The trouble with hard Brexit is that it creates obstacles to trading with the nearest neighbours and thus implies lower prosperity. The more sanguine Brexiteers believe any costs will be only short-term and the UK economy will soon benefit from new relationships with dynamic parts of the world, but the consensus is that there will be an economic price to pay for hard Brexit.
This is why two other models have come to the fore. The withdrawal deal May has, for now, opted not to put before the House of Commons included a short and non-binding political statement setting out the expectations of a new arrangement and including provisions for avoiding a hard border in Ireland, an aim all sides agree to be vital.
While it will require long and hard negotiations, the essence of the May deal for a future relationship is that the UK would no longer be part of the single market, delivering an end to free movement of EU workers, but would stay close to the customs union. The UK would also no longer be bound by the EU’s common policies on agriculture and fisheries. However, until mutually acceptable arrangements for the Irish border can be devised, the UK would have to accept a ‘backstop’, which could mean a border between Great Britain and Northern Ireland.
Latterly, objections to the May deal have seen a resurgence of interest in a model similar to the one Norway has with the EU. It would preclude more than token curbs on free movement of workers, require the UK to continue paying into the EU and would mean the UK having to conform to many EU rules it had little scope to influence. But it would mean relatively little economic disruption and costs. Some of those calling for the Norway model have the rather fanciful view that it could be an interim arrangement.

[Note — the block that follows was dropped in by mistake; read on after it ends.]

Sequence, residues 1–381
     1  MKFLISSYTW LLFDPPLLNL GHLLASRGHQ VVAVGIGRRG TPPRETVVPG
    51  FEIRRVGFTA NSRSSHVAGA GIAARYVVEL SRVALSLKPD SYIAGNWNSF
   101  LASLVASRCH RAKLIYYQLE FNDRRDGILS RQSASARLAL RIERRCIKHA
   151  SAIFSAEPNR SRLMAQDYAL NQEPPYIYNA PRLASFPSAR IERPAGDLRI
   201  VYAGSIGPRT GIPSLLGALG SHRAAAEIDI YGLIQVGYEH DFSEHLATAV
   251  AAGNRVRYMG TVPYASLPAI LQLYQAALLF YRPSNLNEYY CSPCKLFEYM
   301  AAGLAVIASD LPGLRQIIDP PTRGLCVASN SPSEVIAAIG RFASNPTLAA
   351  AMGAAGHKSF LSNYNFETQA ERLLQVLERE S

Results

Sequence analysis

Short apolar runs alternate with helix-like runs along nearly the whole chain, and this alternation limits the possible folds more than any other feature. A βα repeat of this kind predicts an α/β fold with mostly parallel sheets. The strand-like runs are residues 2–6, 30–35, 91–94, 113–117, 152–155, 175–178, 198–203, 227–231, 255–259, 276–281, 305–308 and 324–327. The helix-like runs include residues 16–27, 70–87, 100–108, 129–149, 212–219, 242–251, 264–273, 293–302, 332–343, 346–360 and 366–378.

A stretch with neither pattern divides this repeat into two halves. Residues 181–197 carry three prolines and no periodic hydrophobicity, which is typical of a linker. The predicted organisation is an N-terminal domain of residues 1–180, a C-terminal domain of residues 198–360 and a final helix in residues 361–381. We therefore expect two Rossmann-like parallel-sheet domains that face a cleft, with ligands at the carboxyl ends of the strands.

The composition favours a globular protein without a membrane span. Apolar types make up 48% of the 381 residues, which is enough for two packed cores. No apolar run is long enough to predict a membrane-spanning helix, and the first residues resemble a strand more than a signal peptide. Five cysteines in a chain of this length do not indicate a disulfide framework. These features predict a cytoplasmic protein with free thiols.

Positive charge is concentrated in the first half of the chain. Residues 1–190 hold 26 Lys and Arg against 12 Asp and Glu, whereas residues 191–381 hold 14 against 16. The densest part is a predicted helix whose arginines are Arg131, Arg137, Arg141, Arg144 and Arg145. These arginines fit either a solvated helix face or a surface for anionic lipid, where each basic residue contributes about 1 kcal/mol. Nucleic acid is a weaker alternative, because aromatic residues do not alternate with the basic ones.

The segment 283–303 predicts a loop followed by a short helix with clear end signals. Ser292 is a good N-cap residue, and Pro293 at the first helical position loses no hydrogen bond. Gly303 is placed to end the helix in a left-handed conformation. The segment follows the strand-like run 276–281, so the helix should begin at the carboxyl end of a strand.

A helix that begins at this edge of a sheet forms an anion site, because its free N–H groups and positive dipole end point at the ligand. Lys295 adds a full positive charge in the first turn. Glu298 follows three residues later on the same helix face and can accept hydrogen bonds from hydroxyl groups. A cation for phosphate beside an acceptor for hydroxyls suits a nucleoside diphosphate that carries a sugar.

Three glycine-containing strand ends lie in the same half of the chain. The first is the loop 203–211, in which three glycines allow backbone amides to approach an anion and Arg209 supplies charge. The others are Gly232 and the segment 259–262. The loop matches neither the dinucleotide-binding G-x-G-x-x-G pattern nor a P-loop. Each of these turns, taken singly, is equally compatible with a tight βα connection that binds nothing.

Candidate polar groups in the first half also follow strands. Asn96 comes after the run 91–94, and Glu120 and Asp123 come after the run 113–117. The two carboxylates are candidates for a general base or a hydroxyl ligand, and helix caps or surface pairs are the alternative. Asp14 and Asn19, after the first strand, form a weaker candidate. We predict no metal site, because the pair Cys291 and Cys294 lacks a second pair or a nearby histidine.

How to decide?
The binary choice in the referendum did not allow for the latter two options, both of which have been vilified as ‘BRINO’ – Brexit in name only – and it is worth recalling that May insisted shortly after becoming Prime Minister that there would be ‘no attempts to sort of stay in the EU through the back door’. But because they are adjudged to be less damaging for the British economy, they offer a potential compromise.